The judges of the inaugural FarmED Chelsea Green Young Writers' Prize unanimously voted for SZ Shao's piece, which they praised for being compelling and inspiring.
The FarmED Chelsea Green Young Writers’ Prize is a new writing competition for people aged 16–30, part of the Farm & Food Literature Festival which takes place at FarmED in May. We were looking for exciting new voices who are passionate about helping to build sustainable farming and food systems that nourish people and regenerate the planet. We asked entrants to write up to 1,500 words about any subject across the spectrum of ecological food, farming and the environment.
The judging panel comprised award-winning author Nicola Chester, Muna Reyal (Head of Editorial, Chelsea Green Publishing UK) novelist Fiona Mountain from FarmED and Stephen Moss, naturalist, author and Senior Lecturer, MA Travel & Nature Writing, Bath Spa University.
SZ Shao's prize included a library of Chelsea Green books worth £700 plus a one-to-one editorial session with Muna.
Her prize winning entry is below.
Photo shows (l tor): Fiona Mountain, Nicola Chester, SZ Shao, Stephen Moss, Muna Reyal.
ROOTED POWER: What Farmers Can Learn From Their Plants
By SZ Shao
The soil is growing hands. They started reaching up through the compost early in March, arms an animated shade of pink, broad green palms outstretched in greeting. The farm is still largely dormant. Most of our fields are resting under black tarp and green manure, as the polytunnels turn out their slow harvest of leafy vegetables. Still, there are signs that deep winter is giving way. Envelopes stuffed with summer crop seeds arrive in the post. Our pakchoi surprises us by bolting, its flowers shockingly yellow in the monotonous greens and browns of agricultural land in winter. But more than any other signal of the new season, our rhubarb’s eruption into fresh life feels like the turning point. We coo excitedly at the return of colour to our landscape. After a long winter of chicory and cabbage, the promise of its bright, sour fruit is like seeing an old friend for the first time in a year.
The celebrated botanist and Potawatomi elder Dr Robin Wall Kimmerer invites us to approach plants not as inanimate resources, but instead, as respected teachers. In Braiding Sweetgrass she writes: ‘Our indigenous herbalists say to pay attention when plants come to you; they’re bringing you something you need to learn.’ Dr Kimmerer’s body of work weaves together seemingly conflicting knowledge systems (scientific rationalism and indigenous animism) into a way of relating to plantlife which had a profound impact on my work as a farming apprentice.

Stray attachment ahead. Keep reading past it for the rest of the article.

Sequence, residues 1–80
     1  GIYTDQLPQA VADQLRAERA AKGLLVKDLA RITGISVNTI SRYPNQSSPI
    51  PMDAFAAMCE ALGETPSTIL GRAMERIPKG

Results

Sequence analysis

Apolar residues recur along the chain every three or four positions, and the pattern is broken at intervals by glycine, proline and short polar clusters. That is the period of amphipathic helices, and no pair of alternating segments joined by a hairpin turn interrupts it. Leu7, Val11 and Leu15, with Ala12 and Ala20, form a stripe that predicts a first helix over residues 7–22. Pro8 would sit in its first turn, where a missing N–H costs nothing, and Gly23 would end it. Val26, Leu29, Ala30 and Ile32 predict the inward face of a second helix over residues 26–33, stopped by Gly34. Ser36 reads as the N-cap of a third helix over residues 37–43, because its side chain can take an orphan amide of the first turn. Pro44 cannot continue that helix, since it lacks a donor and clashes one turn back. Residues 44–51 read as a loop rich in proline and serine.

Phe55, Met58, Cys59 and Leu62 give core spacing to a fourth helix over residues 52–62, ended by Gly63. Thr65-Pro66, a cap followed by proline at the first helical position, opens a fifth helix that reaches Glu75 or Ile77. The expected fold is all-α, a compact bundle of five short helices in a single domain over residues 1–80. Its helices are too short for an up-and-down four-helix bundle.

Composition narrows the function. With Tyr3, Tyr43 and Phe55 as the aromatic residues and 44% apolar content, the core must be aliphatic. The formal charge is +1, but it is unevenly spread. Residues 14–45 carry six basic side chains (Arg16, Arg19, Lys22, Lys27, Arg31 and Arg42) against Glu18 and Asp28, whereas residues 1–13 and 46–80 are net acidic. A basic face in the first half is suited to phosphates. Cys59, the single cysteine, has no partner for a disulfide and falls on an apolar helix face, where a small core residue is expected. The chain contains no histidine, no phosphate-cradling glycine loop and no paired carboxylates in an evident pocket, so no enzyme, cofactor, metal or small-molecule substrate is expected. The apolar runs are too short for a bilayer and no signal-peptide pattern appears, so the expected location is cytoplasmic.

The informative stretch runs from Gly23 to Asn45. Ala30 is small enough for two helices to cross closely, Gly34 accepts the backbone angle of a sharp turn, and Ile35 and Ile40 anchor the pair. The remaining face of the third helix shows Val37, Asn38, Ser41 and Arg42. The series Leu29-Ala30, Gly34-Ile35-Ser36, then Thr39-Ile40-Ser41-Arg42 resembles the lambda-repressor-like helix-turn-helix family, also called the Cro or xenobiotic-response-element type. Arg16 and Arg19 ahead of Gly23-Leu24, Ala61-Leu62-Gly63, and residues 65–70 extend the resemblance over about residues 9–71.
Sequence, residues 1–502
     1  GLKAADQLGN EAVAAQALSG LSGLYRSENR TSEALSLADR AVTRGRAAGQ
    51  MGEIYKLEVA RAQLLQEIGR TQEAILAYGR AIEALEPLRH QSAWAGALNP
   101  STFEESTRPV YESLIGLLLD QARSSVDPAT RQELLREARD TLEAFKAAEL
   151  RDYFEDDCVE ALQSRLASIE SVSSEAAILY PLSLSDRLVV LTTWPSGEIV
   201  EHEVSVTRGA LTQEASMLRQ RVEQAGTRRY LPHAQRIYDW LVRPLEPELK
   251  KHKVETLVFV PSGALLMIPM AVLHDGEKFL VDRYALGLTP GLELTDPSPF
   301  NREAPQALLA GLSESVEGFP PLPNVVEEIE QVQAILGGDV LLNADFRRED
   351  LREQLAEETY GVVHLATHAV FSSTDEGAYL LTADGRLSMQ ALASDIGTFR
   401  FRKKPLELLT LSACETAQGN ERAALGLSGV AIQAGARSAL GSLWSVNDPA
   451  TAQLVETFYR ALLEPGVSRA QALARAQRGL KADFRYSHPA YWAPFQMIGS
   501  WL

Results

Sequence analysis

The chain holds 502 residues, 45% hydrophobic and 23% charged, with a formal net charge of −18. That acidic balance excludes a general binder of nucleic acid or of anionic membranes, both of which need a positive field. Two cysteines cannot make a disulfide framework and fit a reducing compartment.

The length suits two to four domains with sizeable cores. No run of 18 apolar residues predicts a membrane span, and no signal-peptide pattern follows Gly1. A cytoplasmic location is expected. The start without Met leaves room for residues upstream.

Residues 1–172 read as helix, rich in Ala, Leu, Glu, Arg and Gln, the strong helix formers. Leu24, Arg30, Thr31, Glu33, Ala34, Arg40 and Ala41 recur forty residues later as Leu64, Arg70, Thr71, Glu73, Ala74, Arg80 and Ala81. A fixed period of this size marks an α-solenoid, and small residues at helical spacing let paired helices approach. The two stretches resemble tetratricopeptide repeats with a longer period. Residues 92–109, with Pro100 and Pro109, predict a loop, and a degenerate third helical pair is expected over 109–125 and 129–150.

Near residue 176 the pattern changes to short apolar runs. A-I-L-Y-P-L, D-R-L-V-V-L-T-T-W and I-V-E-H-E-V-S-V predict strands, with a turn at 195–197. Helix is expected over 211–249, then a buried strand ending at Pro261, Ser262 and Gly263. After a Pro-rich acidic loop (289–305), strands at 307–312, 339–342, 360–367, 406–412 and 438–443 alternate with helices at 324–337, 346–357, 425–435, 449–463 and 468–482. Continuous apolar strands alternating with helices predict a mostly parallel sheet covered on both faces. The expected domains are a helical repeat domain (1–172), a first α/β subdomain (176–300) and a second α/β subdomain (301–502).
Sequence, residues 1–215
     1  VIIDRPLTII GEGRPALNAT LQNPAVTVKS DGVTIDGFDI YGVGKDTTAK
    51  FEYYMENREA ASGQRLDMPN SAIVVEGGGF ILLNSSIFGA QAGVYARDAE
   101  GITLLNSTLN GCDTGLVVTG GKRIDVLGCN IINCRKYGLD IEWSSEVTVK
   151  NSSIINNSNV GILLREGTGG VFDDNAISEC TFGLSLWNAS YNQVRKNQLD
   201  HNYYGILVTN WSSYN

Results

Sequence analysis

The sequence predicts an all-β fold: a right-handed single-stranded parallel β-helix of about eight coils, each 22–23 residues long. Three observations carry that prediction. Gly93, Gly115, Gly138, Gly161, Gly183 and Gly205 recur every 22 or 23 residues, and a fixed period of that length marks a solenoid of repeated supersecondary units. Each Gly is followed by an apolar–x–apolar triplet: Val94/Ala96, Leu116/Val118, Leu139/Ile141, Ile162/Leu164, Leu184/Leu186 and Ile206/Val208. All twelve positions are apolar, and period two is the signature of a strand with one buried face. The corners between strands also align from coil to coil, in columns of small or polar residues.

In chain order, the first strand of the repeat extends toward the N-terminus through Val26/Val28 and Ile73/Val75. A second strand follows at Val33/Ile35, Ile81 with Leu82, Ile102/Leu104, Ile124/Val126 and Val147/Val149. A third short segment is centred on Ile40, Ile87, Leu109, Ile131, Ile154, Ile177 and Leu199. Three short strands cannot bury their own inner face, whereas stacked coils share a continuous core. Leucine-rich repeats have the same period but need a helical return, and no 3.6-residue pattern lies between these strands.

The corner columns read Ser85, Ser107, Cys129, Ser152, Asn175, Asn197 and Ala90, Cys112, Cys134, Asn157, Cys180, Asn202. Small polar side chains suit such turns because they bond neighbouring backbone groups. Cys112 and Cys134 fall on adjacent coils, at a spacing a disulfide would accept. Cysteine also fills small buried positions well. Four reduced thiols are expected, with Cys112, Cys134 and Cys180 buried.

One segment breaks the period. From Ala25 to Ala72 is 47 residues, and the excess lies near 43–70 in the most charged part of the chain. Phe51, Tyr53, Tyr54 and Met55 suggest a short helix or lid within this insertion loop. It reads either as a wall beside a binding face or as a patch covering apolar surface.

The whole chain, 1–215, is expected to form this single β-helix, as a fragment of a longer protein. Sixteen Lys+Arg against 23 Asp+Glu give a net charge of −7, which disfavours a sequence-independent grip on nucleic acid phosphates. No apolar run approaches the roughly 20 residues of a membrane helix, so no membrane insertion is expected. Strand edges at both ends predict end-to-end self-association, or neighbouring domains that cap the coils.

Still, her perspective sometimes feels impossible for farmers to put into practice. This spring, the community farm where I’m training is managing seven acres with just three growers and a fluctuating pool of volunteers. The economic crisis stopped us from hiring another trainee. We had to launch an emergency crowdfunder to dodge bankruptcy. More than before, the need for efficiency is shaping our approach to the work. We carved out more space for lucrative crops like green garlic and cherry tomatoes, and considered sacrificing much loved but low value, labour intensive crops like leeks. Another grower urged me to work faster because at my pace, I wasn't even paying for myself. This April, guiding excited volunteers on a rhubarb harvest while also worrying internally about its low wholesale value, Dr Kimmerer’s words weighed heavy on my mind. It’s difficult to see plants as sources of wisdom when they're also your sources of income. Still, the thought lingers: what could rhubarb teach us, if we could open ourselves to learn? The first thing I learn is that rhubarb and I share a diaspora. These plants are also second generation Chinese immigrants to Britain. This probably shouldn’t be a surprise. From their lurid flowers to those freaky tentacular stalks, everything about rhubarb looks very foreign. Still, it catches me off guard. These plants enjoy a stronger sense of belonging in Britain than most human migrants here ever do. Following rhubarb as a teacher leads me to a history which is uncannily entwined with my own - as a Londoner, as diasporic, and as a farmer.
European imperialism was always a plant-based project. Tobacco leaves, cotton bolls, the fluids of sugarcane and poppies - in a very real sense, our empires were built on flower power. In this story, botany was never going to be innocent. Carl Linnaeus (1707-1788), whose nomenclature system is still a second language for farmers today, explicitly connected knowledge of plants with economic power. In his day, Europe was humiliatingly dependent on the Chinese Empire for a whole ecosystem of desirable plants. Tea is the best known, but medicinal rhubarb root was also in extremely high demand. A Qing Dynasty minister actually valued it equally to tea in a famous letter to Queen Victoria, furious about British merchants selling opium in Chinese ports: ‘Not to speak of our tea and rhubarb, things which your foreign countries could not exist a single day without’. Linnaeus hoped that honing botanical science would lead to valuable plants like these being grown on home soil, torquing geopolitics in Europe's favour by transforming ecological geography. This ‘colonial bioprospecting’ is what led to the creation of culinary rhubarb. In trying to breed medicinal roots from imported seeds and cuttings, edible cultivars slowly found a new citizenship in British kitchens.